“I wrote down (Hadith) from more than one thousand teachers … and I remember the chain (of narrators of) of every Hadith that I have with me.”
This statement also testifies to the amazing memory of Imam Bukhari (rahimahullah).
A few of his teachers and some of his peers later on became his students too. Abu Abdullah al-Fibari recounts Abdullah ibn Muneer (one of his teachers) writing hadith narrations from Imam al-Bukhari and saying that he was one of his students. This in itself is enough to affirm Imam al-Bukhari’s position in the sight of his teachers.
From his students emerged scholars who went on to become beacons of knowledge in their own right, like Imam Muslim ibn Hajjaj, Abu Abdurrahman an-Nasa’i, and Imam Abu ‘Esa at-Tirmidhi.
Along with learning and teaching, Imam al-Bukhari wrote a number of books throughout his life to pass on his immense wealth of knowledge. The most notable of his work is of course Al-Jamiʽ as-Sahih al-Musnad min Hadith, or more commonly known as Sahih al-Bukhari, ranked after the Book of Allah in truthfulness and authenticity. Unfortunately, not all of his works survived to reach us.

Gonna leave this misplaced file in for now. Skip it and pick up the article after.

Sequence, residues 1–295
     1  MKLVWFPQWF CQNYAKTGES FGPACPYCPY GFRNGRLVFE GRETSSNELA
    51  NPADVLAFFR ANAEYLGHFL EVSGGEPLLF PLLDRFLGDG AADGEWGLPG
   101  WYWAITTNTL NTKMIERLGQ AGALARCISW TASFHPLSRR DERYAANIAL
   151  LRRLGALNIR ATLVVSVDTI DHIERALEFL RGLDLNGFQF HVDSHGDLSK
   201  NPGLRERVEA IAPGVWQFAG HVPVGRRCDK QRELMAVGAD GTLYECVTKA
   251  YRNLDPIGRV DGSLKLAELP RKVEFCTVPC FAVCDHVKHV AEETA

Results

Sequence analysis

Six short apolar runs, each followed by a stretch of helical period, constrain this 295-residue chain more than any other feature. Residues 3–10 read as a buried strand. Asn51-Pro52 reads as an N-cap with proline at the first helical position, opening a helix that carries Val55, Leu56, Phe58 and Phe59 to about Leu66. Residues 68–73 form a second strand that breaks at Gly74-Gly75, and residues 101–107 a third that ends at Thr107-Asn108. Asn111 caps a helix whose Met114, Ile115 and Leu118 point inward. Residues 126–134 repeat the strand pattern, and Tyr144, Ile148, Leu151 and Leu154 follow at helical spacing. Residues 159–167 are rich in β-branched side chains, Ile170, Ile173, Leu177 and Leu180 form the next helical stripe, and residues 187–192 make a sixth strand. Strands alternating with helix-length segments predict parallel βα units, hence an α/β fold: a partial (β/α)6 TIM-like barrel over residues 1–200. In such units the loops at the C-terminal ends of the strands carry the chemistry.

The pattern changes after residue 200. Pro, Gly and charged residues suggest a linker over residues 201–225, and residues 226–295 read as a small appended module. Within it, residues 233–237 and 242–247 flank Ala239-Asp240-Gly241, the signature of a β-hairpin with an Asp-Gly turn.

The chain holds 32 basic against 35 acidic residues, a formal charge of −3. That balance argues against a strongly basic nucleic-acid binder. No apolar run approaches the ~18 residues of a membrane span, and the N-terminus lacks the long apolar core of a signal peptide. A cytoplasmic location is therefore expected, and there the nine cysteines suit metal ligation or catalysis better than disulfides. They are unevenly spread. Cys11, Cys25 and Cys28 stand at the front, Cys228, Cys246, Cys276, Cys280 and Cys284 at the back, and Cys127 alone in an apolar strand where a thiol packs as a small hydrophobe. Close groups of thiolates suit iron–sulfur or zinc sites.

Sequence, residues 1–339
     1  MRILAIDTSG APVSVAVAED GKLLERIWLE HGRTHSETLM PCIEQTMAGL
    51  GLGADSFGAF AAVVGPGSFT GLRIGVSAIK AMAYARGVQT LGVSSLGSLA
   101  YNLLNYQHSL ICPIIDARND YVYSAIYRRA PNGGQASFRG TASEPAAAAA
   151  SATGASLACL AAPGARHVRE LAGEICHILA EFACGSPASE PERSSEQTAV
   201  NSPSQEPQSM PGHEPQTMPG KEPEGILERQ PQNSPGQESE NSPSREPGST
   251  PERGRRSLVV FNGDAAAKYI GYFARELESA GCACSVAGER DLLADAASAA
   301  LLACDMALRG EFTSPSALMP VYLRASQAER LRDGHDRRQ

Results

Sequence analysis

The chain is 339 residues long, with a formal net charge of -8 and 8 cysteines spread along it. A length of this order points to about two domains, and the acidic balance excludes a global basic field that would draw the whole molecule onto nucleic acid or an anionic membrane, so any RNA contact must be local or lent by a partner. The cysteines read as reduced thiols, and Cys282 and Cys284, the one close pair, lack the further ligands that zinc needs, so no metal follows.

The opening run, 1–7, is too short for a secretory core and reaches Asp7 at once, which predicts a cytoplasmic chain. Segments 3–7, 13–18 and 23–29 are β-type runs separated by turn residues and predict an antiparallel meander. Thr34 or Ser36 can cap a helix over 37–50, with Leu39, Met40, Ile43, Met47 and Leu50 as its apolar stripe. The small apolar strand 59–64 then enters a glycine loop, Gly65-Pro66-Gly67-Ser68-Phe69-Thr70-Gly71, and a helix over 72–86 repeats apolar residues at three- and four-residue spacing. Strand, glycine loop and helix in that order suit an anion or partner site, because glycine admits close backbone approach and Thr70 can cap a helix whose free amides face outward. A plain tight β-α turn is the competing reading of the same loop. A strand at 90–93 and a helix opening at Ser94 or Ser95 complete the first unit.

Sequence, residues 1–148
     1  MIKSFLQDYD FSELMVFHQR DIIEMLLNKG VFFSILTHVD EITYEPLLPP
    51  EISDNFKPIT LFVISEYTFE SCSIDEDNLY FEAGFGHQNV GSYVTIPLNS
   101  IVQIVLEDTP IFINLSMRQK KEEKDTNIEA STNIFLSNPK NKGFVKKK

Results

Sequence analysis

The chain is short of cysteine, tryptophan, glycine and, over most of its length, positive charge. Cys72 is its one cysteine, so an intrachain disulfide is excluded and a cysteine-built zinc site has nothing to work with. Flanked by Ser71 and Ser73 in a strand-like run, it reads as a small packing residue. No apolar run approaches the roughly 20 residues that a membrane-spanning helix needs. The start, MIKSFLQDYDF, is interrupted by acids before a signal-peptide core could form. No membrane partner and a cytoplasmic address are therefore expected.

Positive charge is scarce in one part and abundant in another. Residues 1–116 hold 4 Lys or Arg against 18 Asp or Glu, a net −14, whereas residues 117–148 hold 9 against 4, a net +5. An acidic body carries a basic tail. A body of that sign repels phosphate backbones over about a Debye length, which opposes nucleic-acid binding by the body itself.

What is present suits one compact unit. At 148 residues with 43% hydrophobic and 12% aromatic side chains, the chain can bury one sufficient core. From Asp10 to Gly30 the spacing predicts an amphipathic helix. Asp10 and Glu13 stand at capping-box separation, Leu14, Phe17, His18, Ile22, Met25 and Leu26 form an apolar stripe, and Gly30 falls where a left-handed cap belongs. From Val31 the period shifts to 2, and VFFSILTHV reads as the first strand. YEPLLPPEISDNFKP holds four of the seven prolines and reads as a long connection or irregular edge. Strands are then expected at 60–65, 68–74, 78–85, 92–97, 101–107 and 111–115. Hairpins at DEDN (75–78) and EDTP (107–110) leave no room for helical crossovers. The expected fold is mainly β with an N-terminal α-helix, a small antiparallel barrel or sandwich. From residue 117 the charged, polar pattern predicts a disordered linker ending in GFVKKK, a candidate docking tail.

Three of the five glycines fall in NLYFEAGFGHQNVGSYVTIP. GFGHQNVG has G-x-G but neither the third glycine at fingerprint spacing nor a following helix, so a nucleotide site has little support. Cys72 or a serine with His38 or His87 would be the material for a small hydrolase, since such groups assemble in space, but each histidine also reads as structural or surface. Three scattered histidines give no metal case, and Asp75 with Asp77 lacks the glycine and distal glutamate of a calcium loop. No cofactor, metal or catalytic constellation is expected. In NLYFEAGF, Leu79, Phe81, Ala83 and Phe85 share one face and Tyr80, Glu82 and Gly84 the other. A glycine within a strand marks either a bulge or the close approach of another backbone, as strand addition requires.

His distinct superiority above others did not go untested. For instance, there were some people, having heard of his many accomplishments, and the attributes which were issued to him, decided to test him. They intentionally mixed up the chain of narrators of a hundred hadith narrations and recited them to him, hoping to catch him making some mistake. However, Imam al-Bukhari discredited each of them saying “[This is] not to my knowledge” and recited back to them the wrong narrations followed by the correct narration. Such was his powerful memory that gained him the trust of the people during his time and whole of the Muslim Ummah up until today.
What set him apart from other scholars of his time?
It was his meticulous research, precise memory, and ability to discern the authentic and inauthentic narrations as well as pointing out hidden defects in the chain of narration. Some of his teachers would consult him on these matters as well.
Abu Esa at-Tirmidhi said, “Neither in Iraq nor in Khorasan have I seen anyone who knows more about history, hidden defects in narrations, and the chains of Hadith narrations than Muhammad ibn Ismaʽil.”
This aspect of his work however required him to point out defective narrators to be able to sift the authentic from unauthentic hadith. Even when doing so Imam al-Bukhari was extremely cautious and never outright declared anyone a liar or a fabricator.